Roundabout Recommends


Immerse yourself in the world of Little Children Dream of God with our recommended reading, watching and doing lists compiled with thanks to Assistant Director Gabriel Weissman.


Tell My Horse: Voodoo and Life in Haiti and Jamaica

by Zora Neale Hurston

Zora Neale Hurston’s account of her travels in Haiti and Jamaica. Hurston, an Alabama and Florida native, traveled the two nations throughout 1936 and 1937 on a Guggenheim Foundation fellowship. Her travelogue offers both an American’s and an insider’s perspective on Haitian vodou, since she chose to take a participatory approach to her research, joining in the vodou rituals even as she studied them.

“Dreaming in Haitian Vodou: Vouchsafe, Guide and Source of Liturgical Novelty”

by Adam M. McGee

Dreams play a significant role in Little Children Dream of God. This academic essay by Harvard scholar (and oungan, or initiated vodou priest) Adam M. McGee expands on the relationship between dreams and Haitian vodou culture. McGee’s description of the Haitian vodou dream world as “a porous territory suffused with spiritual powers and entities” offers a real-world exploration of some of the most theatrical moments of Little Children Dream of God, in which Sula encounters her husband in a terrifying series of dreams, as well as a broader understanding of dreams in Haitian vodou culture and scholarship.

Immigration Policy and Facts

The following articles provide a snapshot of the complex systems of US Immigration Policy. The articles include some of the most recent federal developments as well as general and Haiti-specific statistics.

“Frequently Requested Statistics on Immigrants and Immigration in the United States”

“Remarks by the President in Immigration Town Hall – Miami, FL”

“Haitian Immigrants in the United States”

“For Immigrants, Fear Returns After a Federal Judge’s Ruling”


“PBS: Egalite for All: Toussaint Louverture and the Haitian Revolution”

Sula names her baby boy Toussaint after Revolutionary hero Toussaint Louverture, who led the first successful slave revolt in history (in 1791) and launched the Haitian Revolution. This documentary covers the Revolution’s impact in Haiti as well as the reverberations of Haitian freedom throughout the US.

“Soledad O’Brien Speaks with Jean-Claude Duvalier”

In a 2014 Al Jazeera America interview, Special Correspondent Soledad O’Brien speaks with former Haitian dictator Jean-Claude Duvalier (aka “Baby Doc”) as well as Robert Duval, a political prisoner during Duvalier’s reign. Duvalier is the son of another Haitian dictator, Francois “Papa Doc” Duvalier. Both were known for their brutality. Throughout the father and son’s reigns (1957 - 1986), some 30,000-60,0000 Haitians were killed, and thousands of others were raped, beaten, and tortured at the hands of the Volunteers for National Security, colloquially known as the Tontons Macoutes, or “bogeymen.” “Baby Doc,” in particular, was also known for incurring high debts and embezzling millions of dollars in international aid. The elder Duvalier died in 1971, and the younger died in 2014.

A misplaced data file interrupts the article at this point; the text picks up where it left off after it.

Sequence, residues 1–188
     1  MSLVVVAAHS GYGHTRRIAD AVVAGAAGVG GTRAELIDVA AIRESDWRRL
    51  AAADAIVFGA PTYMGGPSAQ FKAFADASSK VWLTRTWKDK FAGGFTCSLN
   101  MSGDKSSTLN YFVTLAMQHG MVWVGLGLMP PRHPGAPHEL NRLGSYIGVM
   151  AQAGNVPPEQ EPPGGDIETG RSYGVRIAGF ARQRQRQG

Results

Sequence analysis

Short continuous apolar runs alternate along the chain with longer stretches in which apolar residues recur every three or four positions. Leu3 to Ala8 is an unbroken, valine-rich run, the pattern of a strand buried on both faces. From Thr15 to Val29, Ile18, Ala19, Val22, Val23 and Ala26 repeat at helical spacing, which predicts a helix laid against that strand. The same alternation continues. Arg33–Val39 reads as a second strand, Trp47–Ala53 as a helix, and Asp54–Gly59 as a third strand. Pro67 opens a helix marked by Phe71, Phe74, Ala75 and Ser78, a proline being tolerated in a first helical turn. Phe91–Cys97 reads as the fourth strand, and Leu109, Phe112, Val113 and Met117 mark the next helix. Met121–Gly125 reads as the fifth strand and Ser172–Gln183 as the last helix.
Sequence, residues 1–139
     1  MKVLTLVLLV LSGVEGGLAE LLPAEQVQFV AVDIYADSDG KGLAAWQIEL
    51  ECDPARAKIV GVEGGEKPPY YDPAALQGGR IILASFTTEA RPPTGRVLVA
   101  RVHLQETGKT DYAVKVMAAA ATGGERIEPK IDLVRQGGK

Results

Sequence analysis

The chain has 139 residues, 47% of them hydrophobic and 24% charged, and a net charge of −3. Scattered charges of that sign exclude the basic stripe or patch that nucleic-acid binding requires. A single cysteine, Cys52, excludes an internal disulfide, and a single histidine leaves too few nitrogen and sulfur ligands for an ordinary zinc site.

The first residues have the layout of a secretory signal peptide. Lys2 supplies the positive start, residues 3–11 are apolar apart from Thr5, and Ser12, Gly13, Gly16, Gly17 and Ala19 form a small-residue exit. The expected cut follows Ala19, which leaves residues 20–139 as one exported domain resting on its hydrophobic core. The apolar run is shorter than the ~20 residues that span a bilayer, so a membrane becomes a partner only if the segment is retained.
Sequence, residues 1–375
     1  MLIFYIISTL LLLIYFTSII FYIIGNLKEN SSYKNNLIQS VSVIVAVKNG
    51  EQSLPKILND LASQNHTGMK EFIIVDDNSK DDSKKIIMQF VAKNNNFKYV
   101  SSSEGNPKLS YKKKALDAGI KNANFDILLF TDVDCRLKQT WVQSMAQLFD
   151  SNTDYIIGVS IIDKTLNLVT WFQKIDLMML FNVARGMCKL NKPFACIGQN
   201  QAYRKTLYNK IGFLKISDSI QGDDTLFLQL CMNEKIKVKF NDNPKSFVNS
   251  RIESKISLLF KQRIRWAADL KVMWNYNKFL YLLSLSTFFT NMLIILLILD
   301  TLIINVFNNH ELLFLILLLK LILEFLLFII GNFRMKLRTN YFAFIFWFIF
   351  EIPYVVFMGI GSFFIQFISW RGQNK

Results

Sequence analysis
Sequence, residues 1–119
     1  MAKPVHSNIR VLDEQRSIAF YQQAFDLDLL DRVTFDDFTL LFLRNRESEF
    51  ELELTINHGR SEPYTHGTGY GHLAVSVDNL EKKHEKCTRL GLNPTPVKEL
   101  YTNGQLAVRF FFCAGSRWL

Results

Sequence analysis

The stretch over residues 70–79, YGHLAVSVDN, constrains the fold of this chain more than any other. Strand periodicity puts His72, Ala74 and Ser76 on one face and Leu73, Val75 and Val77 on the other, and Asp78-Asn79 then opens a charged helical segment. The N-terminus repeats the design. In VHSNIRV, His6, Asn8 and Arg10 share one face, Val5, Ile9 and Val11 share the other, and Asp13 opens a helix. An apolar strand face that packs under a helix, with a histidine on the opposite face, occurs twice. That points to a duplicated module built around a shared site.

The Haitian Creole Language Institute of New York

Though direct descendants of Haitian immigrants, both Joel and Madison have only a shaky grasp on their family’s native language. If you’re looking to expand your own knowledge of Haitian Creole, explore Brooklyn’s HCLI, which offers workshops, seminars, and small-group activities to those looking to read, write, and/or speak Haitian Creole. Winter 2015 classes included Elementary Haitian Creole and Haitian Creole for Heritage Learners. The institute also offers translation services, dialect coaching for performers, and cultural training.

Little Children Dream of God plays at Roundabout Underground through April 5. For more information and tickets, visit our website.

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2014-2015 Season, Little Children Dream of God, Roundabout Recommends

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The Real Thing: Listen, Read, Taste


Immerse yourself in the world of The Real Thing with our recommended listening, reading and tasting lists!


The Crystals, “Da Doo Ron Ron”

HENRY: It’s not supposed to be eight records you love and adore.

CHARLOTTE: Yes, it is.

HENRY: It is not. It’s supposed to be eight records you associate with turning-points in your life.

CHARLOTTE: Well, I’m a turning-point in your life, and when you took me to Zermatt your favourite record was the Ronettes doing ‘Da Doo Ron Ron’.

HENRY: The Crystals. (scornfully) The Ronettes.


Émile Waldteufel, “The Skater’s Waltz

HENRY: Look, ages ago, Debbie put on one of those classical but not too classical records -- she must have been about ten or eleven, it was before she dyed her hair -- and I said to you, ‘That’s that bloody tune they were driving me mad with when I was trying to write “Jean-Paul is up the Wall” in that hotel in Deauville all those years ago.’ Or Zermatt.


Wayne Fontana and the Mindbenders, “Um-Um-Um-Um-Um-Um”

Neil Sedaka, “Oh, Carol”

CHARLOTTE: He likes pop music. The problem is he’s a snob without being an inverted snob. He’s ashamed of liking pop music.

HENRY: This is true. The trouble is I don’t like the pop music which it’s all right to like. You can have a bit of Pink Floyd shoved in between your symphonies and your Dame Janet Baker -- that shows a refreshing breadth of taste or at least a refreshing candour -- but I like Wayne Fontana and the Mindbenders doing ‘Um Um Um Um Um Um.’

MAX: Doing what?

HENRY: That’s the title. (He demonstrates it.)‘Um-Um-Um-Um-Um-Um.’ I like Neil Sedaka. Do you remember ‘Oh, Carol’?

MAX: For God’s sake.


The Righteous Brothers, “You’ve Lost that Lovin’ Feelin’”

HENRY: I was taken once to hear a woman at Covent Garden in a sort of foreign musical with no dancing which people were donating kidneys to get tickets for. The idea was that I would be cured of my strange disability, which took the form of believing that the Righteous Brothers’ recording of ‘You’ve Lost that Lovin’ Feelin’’ on the London label was possibly the most haunting, the most deeply moving noise ever produced by the human spirit, and this female vocalist person was going to set me right.